How to Build a Water Leak Detector

by Christopher Donahue

Water leaks can be a nuisance around a home, but they can be life-threatening in many industrial or shop settings. Having a leak detector with an audible alarm provides a degree of protection for equipment and personnel. It is important that the leak detector be sized to alarm when more than just dew or trace amounts of water are detected. If the alarm trips too often, when safe amounts of water are present, the alarm will be ignored or disconnected.

Drill two holes in the insulated pan 1/4 inch apart and at a level from the bottom of the catch pan that will match the amount of water where you want to be alerted.

Cut two lengths of insulated wire to run from the point where you wish to place the leak detector to the place where you wish to mount the audible alarm and power supply.

Strip 1/2 inch of insulation from the end of one of the wires and slip that bared portion through one of the holes drilled in the insulated pan. Repeat for the second wire and second hole, and epoxy the wires into place to seal and secure them. Be certain the bared wire ends are at the same level as the holes, are parallel and are not covered with epoxy.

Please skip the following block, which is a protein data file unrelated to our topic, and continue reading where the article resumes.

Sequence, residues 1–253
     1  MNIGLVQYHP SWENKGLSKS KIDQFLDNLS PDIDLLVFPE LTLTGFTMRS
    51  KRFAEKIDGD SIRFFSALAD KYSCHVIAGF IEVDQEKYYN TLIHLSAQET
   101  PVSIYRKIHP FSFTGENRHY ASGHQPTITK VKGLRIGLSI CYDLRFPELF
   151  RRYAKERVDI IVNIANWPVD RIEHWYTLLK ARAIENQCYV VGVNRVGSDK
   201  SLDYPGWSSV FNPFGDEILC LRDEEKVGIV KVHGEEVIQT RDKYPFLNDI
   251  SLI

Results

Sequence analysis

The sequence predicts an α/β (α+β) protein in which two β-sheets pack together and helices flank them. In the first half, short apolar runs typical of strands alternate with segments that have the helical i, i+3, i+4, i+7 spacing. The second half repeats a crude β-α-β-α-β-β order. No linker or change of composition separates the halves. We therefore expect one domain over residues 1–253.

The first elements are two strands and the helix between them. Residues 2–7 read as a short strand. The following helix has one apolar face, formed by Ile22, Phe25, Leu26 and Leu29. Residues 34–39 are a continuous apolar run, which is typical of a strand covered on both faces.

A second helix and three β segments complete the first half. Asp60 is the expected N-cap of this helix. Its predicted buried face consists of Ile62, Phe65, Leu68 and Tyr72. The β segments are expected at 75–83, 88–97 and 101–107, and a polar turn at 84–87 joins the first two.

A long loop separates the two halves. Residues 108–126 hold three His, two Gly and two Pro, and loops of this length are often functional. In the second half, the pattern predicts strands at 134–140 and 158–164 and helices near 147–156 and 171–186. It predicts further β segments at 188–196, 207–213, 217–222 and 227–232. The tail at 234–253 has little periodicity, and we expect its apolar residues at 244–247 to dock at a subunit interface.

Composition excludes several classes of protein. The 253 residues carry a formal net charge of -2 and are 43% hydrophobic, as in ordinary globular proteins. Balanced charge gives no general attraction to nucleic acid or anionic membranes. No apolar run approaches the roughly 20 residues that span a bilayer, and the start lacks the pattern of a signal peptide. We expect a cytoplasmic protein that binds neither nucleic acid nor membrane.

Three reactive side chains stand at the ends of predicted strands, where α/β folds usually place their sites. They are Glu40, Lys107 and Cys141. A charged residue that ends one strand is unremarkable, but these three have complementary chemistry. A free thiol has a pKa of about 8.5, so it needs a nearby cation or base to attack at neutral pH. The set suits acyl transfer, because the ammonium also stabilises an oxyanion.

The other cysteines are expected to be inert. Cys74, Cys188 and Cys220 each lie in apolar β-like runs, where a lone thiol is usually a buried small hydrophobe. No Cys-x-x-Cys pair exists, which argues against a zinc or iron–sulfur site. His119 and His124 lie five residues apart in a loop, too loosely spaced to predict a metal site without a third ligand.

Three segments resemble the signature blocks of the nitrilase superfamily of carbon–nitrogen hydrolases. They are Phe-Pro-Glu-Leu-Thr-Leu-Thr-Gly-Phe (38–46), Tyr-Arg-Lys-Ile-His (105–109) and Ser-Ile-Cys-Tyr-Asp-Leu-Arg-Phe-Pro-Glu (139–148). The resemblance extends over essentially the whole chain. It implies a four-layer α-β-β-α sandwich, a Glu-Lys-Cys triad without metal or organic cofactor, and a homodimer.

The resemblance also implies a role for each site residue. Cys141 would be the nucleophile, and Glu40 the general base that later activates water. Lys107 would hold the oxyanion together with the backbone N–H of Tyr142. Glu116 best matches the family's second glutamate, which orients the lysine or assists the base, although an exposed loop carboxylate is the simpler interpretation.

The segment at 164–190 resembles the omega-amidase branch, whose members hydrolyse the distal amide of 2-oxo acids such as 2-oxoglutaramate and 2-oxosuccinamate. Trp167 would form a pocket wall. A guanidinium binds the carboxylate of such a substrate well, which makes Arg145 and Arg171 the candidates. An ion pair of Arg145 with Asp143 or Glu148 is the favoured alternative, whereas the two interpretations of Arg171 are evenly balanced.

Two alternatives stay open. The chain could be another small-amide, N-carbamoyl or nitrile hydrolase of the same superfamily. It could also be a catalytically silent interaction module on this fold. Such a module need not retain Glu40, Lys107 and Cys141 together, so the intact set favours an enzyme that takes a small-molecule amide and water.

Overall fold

Strip and attach the other end of one of the wires to the positive output of the power supply. Strip and attach the other end of the second wire to the positive side of the audible alarm. Connect the ground of the power supply to the ground of the audible alarm.

Test your alarm system by pouring water into the catch pan to the alarm level or by using a piece of metal to short the electrodes in the catch pan. Water in the pan will act as a switch to start the audible alarm and alert anyone nearby to the presence of water at the protected location.


  • check For industrial plants, the alarm can be tied into a SCADA system or some other form of remote monitoring.


  • close This system should be cleaned and tested periodically.

Items you will need

About the Author

Chris Donahue is an electrical engineer living in the Dallas area. He has worked on defense projects, semiconductor process equipment, instrumentation and is currently in water utilities. He earned his Registered Massage Therapist (RMT) standing in Texas in 1999.

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